D.O.L.L.S. is a wonderful ministry that helps train up young middle and high school women to lead women’s Bible study groups and proclaim the name of Jesus on their respective campus. Jesse uses her skill as a graphic designer to make their greeting cards, pamphlets, and website look as beautiful as they do.

There I sat in that crowded Fort Worth coffee shop, tears in my eyes, as I read that beautiful paragraph – and sentence – again and again, and again from P.B. Power, reflecting on God’s faithfulness and sovereign love for His saints whom He calls by name.

I took a photo of that paragraph and sent it to her while I continued to read, underlining and highlighting many other paragraphs and sentences as I went. She replied. Jesse told me she does often feel insecurity about her disease; that she gets feelings of inadequacy even while she faithfully serves. She said thanks for sending that to her – it made her, also, cry tears of joy when she read those beloved words.

It was a reminder for her, too.

Though I do not suffer from the same affliction as my dear wife, Jesse, I do worship the same God, who comforts us both in our various afflictions.

2 Corinthians 1:3-5 “Blessed be the God and Father of our Lord Jesus Christ, the Father of mercies and God of all comfort, who comforts us in all our affliction, so that we may be able to comfort those who are in any affliction, with the comfort with which we ourselves are comforted by God. For as we share abundantly in Christ’s sufferings, so through Christ we share abundantly in comfort too.”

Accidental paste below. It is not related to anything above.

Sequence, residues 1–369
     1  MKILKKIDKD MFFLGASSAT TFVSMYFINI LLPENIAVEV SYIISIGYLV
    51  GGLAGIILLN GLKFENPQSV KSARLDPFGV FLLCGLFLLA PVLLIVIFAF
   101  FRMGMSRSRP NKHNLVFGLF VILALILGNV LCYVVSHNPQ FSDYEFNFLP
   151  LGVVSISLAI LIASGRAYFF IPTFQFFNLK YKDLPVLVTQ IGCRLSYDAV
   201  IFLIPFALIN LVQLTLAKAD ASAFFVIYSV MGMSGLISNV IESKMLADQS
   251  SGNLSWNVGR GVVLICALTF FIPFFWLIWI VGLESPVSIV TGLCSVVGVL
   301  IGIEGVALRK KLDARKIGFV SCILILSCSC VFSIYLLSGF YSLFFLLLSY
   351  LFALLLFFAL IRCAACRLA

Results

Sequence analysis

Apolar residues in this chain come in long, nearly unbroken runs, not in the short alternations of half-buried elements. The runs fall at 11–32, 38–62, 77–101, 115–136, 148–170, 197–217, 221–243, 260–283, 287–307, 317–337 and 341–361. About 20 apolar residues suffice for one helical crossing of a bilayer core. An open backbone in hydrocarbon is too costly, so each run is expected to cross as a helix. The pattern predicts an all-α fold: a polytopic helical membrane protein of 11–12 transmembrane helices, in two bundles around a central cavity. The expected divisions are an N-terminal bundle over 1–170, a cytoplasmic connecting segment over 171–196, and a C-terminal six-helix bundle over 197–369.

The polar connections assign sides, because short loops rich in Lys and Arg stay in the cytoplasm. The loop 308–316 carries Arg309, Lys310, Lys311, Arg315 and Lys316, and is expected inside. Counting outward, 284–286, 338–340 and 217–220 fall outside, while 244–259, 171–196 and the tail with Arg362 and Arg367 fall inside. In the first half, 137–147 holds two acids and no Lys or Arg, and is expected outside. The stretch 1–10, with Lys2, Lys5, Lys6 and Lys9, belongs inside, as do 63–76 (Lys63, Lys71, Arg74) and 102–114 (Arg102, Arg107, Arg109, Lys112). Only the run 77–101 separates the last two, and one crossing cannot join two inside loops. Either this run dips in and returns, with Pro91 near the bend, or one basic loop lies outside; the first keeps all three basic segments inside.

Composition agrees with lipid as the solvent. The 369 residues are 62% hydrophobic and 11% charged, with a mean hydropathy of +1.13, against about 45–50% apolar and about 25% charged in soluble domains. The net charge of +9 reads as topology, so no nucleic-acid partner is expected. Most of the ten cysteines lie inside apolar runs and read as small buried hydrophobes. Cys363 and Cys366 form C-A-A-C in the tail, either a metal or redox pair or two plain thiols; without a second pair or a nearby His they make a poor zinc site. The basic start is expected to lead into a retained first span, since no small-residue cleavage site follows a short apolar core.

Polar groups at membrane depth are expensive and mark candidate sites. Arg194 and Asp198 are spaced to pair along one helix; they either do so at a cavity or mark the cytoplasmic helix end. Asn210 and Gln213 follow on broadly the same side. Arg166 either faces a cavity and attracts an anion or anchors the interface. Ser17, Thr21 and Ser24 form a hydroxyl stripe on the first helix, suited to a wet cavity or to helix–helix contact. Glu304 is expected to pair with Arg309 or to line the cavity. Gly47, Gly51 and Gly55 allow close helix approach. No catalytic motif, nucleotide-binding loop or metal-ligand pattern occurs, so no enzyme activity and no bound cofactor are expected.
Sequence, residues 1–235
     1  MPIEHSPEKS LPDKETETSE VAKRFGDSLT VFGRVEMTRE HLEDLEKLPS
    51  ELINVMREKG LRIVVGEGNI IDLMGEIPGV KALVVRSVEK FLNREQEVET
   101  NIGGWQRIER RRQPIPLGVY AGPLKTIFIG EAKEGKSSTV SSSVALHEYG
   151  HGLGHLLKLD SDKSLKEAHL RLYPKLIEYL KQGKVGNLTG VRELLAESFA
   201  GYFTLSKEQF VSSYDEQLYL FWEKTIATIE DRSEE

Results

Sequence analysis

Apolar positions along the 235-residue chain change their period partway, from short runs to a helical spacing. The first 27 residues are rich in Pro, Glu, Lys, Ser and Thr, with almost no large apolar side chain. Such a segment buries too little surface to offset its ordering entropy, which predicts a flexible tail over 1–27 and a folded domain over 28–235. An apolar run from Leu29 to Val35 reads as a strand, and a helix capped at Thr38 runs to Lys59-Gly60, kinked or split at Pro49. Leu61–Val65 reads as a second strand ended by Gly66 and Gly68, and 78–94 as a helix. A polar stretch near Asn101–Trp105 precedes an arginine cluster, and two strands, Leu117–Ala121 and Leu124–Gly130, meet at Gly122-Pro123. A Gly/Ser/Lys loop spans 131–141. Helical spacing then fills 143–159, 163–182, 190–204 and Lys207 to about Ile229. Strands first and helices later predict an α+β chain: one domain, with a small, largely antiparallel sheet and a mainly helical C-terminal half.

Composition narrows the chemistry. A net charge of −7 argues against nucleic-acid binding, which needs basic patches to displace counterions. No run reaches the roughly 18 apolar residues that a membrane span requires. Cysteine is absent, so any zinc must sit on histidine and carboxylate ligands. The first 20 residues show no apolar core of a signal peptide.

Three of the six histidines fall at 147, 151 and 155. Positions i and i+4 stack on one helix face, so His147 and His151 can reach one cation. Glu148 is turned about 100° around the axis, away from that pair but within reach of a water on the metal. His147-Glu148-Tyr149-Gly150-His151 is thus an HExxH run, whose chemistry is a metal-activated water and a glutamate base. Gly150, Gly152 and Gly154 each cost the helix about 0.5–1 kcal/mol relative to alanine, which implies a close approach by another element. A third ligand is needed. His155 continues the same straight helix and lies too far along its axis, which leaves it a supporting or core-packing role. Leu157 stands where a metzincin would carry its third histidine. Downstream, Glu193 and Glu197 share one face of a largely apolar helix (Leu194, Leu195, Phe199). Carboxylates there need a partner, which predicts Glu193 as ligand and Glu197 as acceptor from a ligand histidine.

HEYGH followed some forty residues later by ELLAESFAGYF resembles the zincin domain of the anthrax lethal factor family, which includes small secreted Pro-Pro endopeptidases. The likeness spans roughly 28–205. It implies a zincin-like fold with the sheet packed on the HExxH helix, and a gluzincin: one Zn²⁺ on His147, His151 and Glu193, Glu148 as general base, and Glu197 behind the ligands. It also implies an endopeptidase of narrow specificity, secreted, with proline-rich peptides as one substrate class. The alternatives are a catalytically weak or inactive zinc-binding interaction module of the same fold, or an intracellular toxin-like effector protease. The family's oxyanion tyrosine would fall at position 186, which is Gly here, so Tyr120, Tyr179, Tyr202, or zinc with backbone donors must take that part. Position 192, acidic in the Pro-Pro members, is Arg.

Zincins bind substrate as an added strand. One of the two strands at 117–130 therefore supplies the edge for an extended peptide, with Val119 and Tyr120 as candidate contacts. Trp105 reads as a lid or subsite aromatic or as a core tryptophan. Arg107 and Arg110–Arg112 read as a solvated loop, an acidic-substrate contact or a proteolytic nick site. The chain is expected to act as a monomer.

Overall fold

Because of Christ, Jesse and I share not only in the sufferings of Christ on this earth, we also share in that same comfort that comes only from being found in Him. I don’t have to be suffering from the same affliction as Jesse to give her words of comfort, to be there by her side, to show her through words and deeds the love God has placed for her in my heart, and to remind her of Christ’s faithfulness when her MD becomes too much for her to bear at times.

Through Christ, God’s comfort to me in my affliction gives me charity and sympathy to help my fellow Christians when they face their afflictions.

Blessed be God for His comfort! Though the struggles and afflictions of this life are many and severe at times, we worship a God of comfort and mercy, who not only comforts us through His Word, but also sends us fellow believers who willingly step into the trench, slough of despondency, or any other physical, emotional, or spiritual affliction we may face; and though they may not have or ever will face that same affliction, God has given them, and us, to comfort any who are in need.

How can we not but rejoice, along with Paul, and joyfully exult, “Blessed be the God and Father of our Lord Jesus Christ, the Father of mercies and God of all comfort?”

So let these words of P.B. Power serve as a reminder for you as well, dear Christian, who struggle with depression, anxiety, sickness, disease, or any other infirmity of mind or body that causes you to doubt if God has a purpose and a plan for your life: “Cheer up; God has a place for you. God has something for you to do, and to be, in His Kingdom. You are no poor trodden-down creature; you have a place and a name before God.”